Large-scale nanochannel integration and the multi-parameter coupling restrictive influence on electric generation currently remain big challenges for macroscale applications, but this novel design encourages spontaneous absorption and directed transfer of water within the nanochannels to generate clean electricity.
Researchers use graphene oxide to create a self-powered sensor that translates sign language into audio
Researchers from Tsinghua University recently developed a self-powered sensor that can monitor and detect multiple environmental stimuli simultaneously and demonstrated how it can “translate” sign language into audio.
The sensor was made from graphene oxide and powered internally by a moist electric generator called MEG, which contains a membrane that spontaneously absorbs water from the air. When water adheres to the surface, this results in a higher concentration of hydrogen ions at the top of the membrane and a potential difference between its two electrodes.
Graphene Composites and William Blythe announce supply of graphene oxide for ink coating that destroys pathogens
Graphene Composites (GC) and William Blythe have announced a partnership in William Blythe’s supply of graphene oxide for use in GC Halo, a unique coating for air filters that destroys viruses, bacteria and mold on contact.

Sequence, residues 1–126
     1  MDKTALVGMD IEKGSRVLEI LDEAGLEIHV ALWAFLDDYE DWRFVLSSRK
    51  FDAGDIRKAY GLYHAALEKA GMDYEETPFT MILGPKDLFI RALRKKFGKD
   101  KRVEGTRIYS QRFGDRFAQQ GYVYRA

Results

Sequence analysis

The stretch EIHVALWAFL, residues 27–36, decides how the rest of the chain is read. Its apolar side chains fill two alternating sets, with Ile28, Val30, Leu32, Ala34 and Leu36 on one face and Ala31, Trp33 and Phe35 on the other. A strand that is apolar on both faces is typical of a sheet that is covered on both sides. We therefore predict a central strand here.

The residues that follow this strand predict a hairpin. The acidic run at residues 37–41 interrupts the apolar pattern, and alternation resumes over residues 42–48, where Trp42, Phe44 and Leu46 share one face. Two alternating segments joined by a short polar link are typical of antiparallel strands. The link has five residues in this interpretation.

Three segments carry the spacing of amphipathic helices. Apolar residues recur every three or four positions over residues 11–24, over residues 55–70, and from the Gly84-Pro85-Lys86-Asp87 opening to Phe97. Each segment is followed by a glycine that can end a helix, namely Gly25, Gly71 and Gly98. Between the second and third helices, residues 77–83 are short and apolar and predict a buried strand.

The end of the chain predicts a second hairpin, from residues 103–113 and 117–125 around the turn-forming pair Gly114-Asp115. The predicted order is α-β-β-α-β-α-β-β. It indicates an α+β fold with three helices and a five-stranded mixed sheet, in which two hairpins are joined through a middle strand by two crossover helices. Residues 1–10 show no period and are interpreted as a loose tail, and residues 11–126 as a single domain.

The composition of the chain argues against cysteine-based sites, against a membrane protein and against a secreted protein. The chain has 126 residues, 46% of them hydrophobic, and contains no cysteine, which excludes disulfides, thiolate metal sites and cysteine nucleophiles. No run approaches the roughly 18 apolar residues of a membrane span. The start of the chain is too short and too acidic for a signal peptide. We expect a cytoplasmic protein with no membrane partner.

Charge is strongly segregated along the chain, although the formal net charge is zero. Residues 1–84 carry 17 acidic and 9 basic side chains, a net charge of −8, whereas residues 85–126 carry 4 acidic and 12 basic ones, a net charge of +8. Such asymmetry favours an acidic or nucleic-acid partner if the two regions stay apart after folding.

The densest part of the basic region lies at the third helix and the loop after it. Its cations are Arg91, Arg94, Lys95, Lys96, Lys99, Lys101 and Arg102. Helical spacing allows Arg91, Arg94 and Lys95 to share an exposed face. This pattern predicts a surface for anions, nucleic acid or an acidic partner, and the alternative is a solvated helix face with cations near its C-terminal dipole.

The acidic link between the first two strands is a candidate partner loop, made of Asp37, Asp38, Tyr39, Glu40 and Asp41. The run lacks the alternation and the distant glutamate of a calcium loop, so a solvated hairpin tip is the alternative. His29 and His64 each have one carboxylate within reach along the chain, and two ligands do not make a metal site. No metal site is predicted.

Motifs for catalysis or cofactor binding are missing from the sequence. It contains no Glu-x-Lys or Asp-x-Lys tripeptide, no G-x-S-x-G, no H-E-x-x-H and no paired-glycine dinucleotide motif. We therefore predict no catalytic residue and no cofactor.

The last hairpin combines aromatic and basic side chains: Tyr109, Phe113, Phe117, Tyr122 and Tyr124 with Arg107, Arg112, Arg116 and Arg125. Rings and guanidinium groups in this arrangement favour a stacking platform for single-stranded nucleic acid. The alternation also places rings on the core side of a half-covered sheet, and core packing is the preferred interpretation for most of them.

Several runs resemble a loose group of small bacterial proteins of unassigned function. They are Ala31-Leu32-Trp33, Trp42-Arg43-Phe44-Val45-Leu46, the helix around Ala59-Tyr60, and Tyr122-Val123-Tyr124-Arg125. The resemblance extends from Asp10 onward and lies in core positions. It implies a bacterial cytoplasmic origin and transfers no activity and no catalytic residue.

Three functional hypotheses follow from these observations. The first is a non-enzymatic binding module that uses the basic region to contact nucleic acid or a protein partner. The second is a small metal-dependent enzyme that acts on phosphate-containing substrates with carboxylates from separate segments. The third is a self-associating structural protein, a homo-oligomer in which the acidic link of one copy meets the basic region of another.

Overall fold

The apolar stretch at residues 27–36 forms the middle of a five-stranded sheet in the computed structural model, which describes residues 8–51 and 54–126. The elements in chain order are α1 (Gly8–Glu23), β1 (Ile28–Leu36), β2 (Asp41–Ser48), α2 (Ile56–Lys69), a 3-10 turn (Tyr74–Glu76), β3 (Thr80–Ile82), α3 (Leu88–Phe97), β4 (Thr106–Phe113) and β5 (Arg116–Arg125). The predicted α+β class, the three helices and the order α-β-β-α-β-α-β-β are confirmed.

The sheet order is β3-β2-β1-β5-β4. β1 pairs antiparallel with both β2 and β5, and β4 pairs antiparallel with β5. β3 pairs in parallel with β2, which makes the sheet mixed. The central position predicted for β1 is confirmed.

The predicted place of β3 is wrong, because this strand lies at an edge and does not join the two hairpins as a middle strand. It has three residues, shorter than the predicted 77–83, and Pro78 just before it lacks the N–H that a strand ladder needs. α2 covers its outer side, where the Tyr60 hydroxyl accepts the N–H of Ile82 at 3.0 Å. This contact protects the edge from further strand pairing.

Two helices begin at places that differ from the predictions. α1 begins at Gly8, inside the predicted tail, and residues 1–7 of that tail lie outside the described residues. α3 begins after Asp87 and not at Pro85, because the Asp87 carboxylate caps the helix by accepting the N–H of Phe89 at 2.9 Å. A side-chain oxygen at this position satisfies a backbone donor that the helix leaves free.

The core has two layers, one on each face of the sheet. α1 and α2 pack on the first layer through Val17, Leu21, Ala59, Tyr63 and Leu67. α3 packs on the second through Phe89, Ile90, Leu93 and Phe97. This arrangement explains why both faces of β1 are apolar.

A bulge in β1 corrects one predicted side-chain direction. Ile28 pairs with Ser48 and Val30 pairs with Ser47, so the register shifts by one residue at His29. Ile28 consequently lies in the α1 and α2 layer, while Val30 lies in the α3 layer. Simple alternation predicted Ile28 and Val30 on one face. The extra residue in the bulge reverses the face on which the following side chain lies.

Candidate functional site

GC Halo is a nanoparticle ink formulation, that destroys pathogens by forming a ‘trap and kill’ layer on air filters and has been independently verified to significantly reduce SARS-CoV-2 coronavirus in the air. Fast-acting, safe and more than 99% effective against SARS-CoV-2 coronavirus, Influenza, bacteria and mold, independent tests and certifications reportedly prove GC Halo’s capabilities as a filter coating.
Researchers develop graphene oxide and single-walled carbon nanohorns hybrid for supercapacitor electrodes
Ni-Co layered double hydroxides (LDH) are seen as promising materials for pseudocapacitor electrodes. Researchers from Chonnam National University and Korea Institute of Science and Technology (KIST) recently conducted a study that focused on the use of graphene oxide (GO) and single-walled carbon nanohorns (SWCNHs) hybrid as an efficient platform for LDH coating materials for supercapacitor electrodes.
The team explained that the novel Ni-Co LDH and GO/SWCNHs composite-based supercapacitor electrode material could be a potential choice for pseudocapacitor applications thanks to its superior electrochemical properties and ease of production, which is ideal for various commercial and industrial applications.